The catch wasn’t so good – we only got ten clams between the three of us. One person held the lantern while the other two dug; we wandered for an hour and a half; I dug dozens of holes at anything I thought might be a winner, and ended up with five in my bag. The guys got three and one. Richard got swamped by a wave, and his boots full of water (which makes you cold and not much in the mood to keep on). Me, with my down coat on, made sure I ran when the waves approached and managed to stay dry and warm. I could have stayed out there for another couple hours, but the guys had had enough. Next time, maybe. The spring digs will all be in the morning, which is fun too, but the magic is not the same without all the stars above and the tiny lights in the distance. 

The last few nights have seen the return of the crab boats on the water. I can’t help but do a count when I look out the window and see their lights shimmering out in the darkness. If it’s clear like it was last night, I can see them if I wake in the middle of the night. I watch them slowly rise and fall with the ocean swells, and peeking in and out through the trees that are between us and the beach. It’s sort of mesmerizing, and sometimes when there’s a light fog just above the waters’ surface, there’s an added glow when they get close in to shore. The last few nights (and this morning) there have been no fewer than a dozen boats all working the area that I can see. Some are way out near the horizon, and those are like tiny stars that come and go as they weave and dip in the water. I know that they’re working during the day too, but it is literally a sea of grey, and they’re hard to spot.  It looks as if they mostly come out at night. Just for me.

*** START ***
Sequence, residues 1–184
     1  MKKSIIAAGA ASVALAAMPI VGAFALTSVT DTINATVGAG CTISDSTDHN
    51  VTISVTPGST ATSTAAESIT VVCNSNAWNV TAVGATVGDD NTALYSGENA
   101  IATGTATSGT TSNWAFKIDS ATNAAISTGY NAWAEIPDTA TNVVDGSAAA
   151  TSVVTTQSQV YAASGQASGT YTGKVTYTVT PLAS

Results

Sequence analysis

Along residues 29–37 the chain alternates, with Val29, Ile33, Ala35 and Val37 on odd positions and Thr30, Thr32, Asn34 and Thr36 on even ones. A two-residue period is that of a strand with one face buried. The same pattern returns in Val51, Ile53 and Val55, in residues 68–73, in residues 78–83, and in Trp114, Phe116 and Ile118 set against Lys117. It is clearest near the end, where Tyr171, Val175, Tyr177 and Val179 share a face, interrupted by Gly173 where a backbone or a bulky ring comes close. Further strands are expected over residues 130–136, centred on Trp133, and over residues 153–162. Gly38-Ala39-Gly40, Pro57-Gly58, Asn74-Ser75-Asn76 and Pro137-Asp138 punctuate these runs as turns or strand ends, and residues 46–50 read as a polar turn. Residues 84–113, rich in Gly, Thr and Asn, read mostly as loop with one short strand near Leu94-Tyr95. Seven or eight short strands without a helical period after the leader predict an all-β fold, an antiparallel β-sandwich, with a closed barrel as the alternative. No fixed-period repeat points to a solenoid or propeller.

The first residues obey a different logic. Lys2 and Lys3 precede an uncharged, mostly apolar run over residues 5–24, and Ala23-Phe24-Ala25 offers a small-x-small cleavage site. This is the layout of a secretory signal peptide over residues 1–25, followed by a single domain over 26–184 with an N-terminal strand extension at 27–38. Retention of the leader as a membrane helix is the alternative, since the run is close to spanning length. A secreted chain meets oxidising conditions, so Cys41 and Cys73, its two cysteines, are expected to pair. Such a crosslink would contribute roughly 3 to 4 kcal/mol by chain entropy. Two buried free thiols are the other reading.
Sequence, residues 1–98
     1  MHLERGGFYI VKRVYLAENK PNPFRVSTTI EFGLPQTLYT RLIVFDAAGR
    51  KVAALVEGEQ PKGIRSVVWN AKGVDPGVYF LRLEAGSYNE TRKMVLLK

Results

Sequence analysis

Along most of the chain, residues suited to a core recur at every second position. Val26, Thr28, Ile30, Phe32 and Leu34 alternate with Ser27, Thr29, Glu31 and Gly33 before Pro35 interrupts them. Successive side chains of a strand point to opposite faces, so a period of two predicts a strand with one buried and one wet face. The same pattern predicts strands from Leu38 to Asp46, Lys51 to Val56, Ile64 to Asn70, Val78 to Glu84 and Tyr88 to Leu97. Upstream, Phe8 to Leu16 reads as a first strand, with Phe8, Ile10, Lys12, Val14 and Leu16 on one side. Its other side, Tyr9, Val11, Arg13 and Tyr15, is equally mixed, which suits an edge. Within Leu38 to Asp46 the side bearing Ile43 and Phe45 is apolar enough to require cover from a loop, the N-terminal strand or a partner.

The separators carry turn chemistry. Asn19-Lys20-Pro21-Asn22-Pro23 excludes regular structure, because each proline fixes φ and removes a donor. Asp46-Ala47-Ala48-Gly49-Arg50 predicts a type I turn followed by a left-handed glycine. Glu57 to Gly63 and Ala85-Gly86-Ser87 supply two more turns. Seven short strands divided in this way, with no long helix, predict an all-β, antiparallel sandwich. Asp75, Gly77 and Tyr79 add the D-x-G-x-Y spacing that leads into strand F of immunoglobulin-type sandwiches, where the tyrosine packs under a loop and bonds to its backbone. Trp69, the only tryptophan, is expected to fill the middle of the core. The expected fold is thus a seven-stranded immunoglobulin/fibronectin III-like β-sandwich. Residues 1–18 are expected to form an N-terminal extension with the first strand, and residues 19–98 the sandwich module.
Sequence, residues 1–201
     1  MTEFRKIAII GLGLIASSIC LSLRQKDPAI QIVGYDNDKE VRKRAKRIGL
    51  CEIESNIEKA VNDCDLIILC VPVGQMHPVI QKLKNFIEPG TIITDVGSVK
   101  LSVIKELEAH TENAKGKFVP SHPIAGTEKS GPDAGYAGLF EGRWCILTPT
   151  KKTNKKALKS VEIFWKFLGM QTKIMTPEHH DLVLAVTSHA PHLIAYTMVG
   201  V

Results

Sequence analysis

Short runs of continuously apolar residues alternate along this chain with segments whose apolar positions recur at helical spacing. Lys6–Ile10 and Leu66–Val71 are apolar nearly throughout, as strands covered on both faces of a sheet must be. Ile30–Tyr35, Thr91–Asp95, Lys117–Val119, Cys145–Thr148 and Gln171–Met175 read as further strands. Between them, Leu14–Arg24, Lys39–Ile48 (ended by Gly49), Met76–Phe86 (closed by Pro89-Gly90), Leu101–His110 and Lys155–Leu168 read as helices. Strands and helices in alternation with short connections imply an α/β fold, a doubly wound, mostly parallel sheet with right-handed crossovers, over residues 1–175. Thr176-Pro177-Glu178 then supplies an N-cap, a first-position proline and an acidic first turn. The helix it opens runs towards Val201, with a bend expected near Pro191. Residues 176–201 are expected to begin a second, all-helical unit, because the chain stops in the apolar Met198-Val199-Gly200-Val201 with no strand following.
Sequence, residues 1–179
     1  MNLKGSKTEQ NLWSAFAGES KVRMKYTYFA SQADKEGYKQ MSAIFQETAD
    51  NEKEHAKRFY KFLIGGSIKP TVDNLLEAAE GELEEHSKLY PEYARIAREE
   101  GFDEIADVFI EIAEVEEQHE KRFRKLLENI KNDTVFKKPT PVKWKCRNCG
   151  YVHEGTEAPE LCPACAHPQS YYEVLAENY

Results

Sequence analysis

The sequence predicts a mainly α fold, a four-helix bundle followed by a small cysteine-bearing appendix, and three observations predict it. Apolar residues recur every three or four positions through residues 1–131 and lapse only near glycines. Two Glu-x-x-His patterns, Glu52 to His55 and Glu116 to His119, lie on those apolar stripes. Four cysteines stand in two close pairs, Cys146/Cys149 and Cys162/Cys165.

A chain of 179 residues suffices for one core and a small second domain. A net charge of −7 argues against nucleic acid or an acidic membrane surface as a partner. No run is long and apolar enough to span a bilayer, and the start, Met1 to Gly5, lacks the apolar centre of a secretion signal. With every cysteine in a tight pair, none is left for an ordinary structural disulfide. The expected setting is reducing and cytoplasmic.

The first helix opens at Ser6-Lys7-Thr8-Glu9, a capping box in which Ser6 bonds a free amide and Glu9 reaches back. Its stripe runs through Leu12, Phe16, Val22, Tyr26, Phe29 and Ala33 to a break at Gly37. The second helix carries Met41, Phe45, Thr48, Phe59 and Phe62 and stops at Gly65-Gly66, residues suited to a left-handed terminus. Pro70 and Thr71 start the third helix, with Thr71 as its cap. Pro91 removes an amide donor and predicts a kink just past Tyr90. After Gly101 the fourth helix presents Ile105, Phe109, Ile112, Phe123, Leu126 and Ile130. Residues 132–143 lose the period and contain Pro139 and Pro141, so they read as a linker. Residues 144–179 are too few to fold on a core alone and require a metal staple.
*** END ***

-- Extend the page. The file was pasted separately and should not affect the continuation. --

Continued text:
All this thinking about boats has me decided on what’s for dinner: last nights’ catch of crab. 
I’ll be heading down to Ilwaco this afternoon to pick some up from our favorite fish market. The boats ( from in front of our house) bring them to her, she cooks it in the big kettle out front, and it’s on the table tonight. Add in a couple artichokes, sourdough bread, a little lemon and some butter. 
The only decision left is what’s for dessert. 
Hmm, what can I make thats sparkle-y?